Ancient Philosophy: A Contemporary Introduction

Ancient Philosophy: A Contemporary Introduction

by Christopher Shields

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Product Details

ISBN-13: 9781136627583
Publisher: Taylor & Francis
Publication date: 11/30/2011
Series: Routledge Contemporary Introductions to Philosophy
Sold by: Barnes & Noble
Format: NOOK Book
Pages: 250
File size: 2 MB

About the Author

Christopher Shields is Shuster Professor of Philosophy and Concurrent Professor of Classics at the University of Notre Dame, USA. His books include Order in Multiplicity: Homonymy in the Philosophy of Aristotle (1999), Ancient Philosophy: A Contemporary Introduction (Routledge, 2011), and (with Robert Pasnau) The Philosophy of Thomas Aquinas (2003). He served as editor of The Blackwell Guide to Ancient Philosophy (2002), and The Oxford Handbook on Aristotle (2012).

Table of Contents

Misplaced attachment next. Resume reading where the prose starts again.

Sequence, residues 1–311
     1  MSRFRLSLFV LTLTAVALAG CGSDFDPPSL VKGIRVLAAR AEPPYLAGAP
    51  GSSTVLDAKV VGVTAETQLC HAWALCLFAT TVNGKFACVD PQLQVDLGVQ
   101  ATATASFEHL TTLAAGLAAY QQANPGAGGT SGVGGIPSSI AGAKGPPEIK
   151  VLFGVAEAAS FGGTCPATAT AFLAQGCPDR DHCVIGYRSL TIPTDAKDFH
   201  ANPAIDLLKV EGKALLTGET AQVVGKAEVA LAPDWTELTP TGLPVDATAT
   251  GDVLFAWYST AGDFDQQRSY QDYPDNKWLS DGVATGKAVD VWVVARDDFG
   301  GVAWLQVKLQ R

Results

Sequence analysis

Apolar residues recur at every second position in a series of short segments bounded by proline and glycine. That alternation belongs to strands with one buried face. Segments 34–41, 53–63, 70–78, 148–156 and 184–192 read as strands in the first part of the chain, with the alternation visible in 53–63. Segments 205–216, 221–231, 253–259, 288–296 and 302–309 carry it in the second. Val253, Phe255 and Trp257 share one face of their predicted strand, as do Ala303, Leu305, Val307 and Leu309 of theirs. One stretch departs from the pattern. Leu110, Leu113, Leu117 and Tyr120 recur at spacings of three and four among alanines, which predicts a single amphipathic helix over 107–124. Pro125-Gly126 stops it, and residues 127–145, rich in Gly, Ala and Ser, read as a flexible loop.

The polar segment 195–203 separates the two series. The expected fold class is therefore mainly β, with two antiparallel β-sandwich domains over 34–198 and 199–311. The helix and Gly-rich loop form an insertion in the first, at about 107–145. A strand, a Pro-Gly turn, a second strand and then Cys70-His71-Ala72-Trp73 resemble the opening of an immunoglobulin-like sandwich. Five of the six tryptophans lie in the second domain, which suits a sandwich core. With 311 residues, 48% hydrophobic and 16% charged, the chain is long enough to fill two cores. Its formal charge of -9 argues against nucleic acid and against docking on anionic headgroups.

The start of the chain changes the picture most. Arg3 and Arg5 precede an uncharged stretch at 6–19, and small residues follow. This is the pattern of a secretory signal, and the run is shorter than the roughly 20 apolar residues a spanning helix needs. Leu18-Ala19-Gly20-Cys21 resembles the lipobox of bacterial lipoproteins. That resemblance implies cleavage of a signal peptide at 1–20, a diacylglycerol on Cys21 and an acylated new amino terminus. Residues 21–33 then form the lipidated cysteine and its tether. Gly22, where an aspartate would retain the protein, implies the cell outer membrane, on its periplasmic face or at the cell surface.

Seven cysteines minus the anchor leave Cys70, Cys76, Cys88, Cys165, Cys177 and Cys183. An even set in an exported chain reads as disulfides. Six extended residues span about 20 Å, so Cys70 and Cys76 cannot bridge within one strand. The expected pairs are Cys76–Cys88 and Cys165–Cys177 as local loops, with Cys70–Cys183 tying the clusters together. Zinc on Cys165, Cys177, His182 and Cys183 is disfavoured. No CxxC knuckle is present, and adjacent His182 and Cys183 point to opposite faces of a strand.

@content:Introduction Acknowledgments Part One: Philosophy Before Socrates 1.1 Thales and the Earliest Natural Philosophers 1.2 Xenophanes 1.3 Heracleitus 1.4 Parmenides and Zeno 1.5 Democritus and Fifth-Century Atomism 1.6 Protagoras and the Sophistic Movement 1.7 Challenges from the Presocratics and Sophists Part Two: Socrates 2.1 The Socratic Elenchus 2.2 The Failures of Meno and Euthyphro 2.3 Socratic Ignorance and Socratic Irony 2.4 Socratic Conviction and the Socratic Paradoxes 2.5 Socrates on Trial and in Prison 2.6 Conclusions Part Three: Plato 3.1 From Socrates to Plato 3.2 Meno's Paradox of Inquiry; Plato's Response 3.3 Two Functions of Plato's Theory of Forms 3.4 Plato's Rejection of Relativism 3.5 Three Arguments for Forms 3.5.1 Aristotle's Introduction to Platonic Forms 3.5.2 Equality Itself: An Argument from the Phaedo 3.5.3 Knowledge and Belief: An Existence Argument from Republic V. 3.6 Plato's General Characterizations of Forms 3.7 Platonic Analysis: A Case Study 3.8 The Special Role of the Form of the Good: The Sun 3.9 Plato's Line and Cave 3.10 Problems about Forms 3.11 Conclusions Part Four: Aristotle 4.1 From Plato to Aristotle 4.2 Aristotle's Introduction to Category Theory 4.3 The Four Causes Introduced 4.4 The Four Causes Defended 4.4.1 Aristotle's Defence of Matter and Form 4.4.2 The Efficient Cause 4.4.3 The Final Cause 4.5 The Four Causes at Work I: Soul and Body 4.6 The Four Causes at Work II: Happiness and the Human Function 4.7 The Virtues of a Happy Person 4.8 Aristotle's Treatment of a Socratic Paradox: Akrasia 4.9 Aristotle on Philosophical Analysis 4.10 Conclusions Part Five: Hellenistic Philosophy 5.1 The Hellenistic Period 5.2 Epicureanism 5.2.1 The Sources and Core Doctrines of Epicureanism 5.2.2 Epicurean Hedonism 5.2.3 Fearing Death: For the Uninitiated 5.2.4 Fearing Death: For the Initiated 5.3 Stoicism 5.3.1 The Sources and Core Doctrines of Stoicism 5.3.2 Stoic Virtue: Oikeosis and Living in Accordance with Nature 5.3.3 Stoic Freedom 5.3.4 Value Monism: Stoic Emotions and Preferred Indifferents 5.4 Scepticism 5.4.1 Sources of Scepticism and Core Approaches 5.4.2 The Character of Pyrhhonism 5.4.3 Sceptical Tropes 5.4.4 Sceptical Challenges 5.5 Conclusions Suggestions for Further Reading

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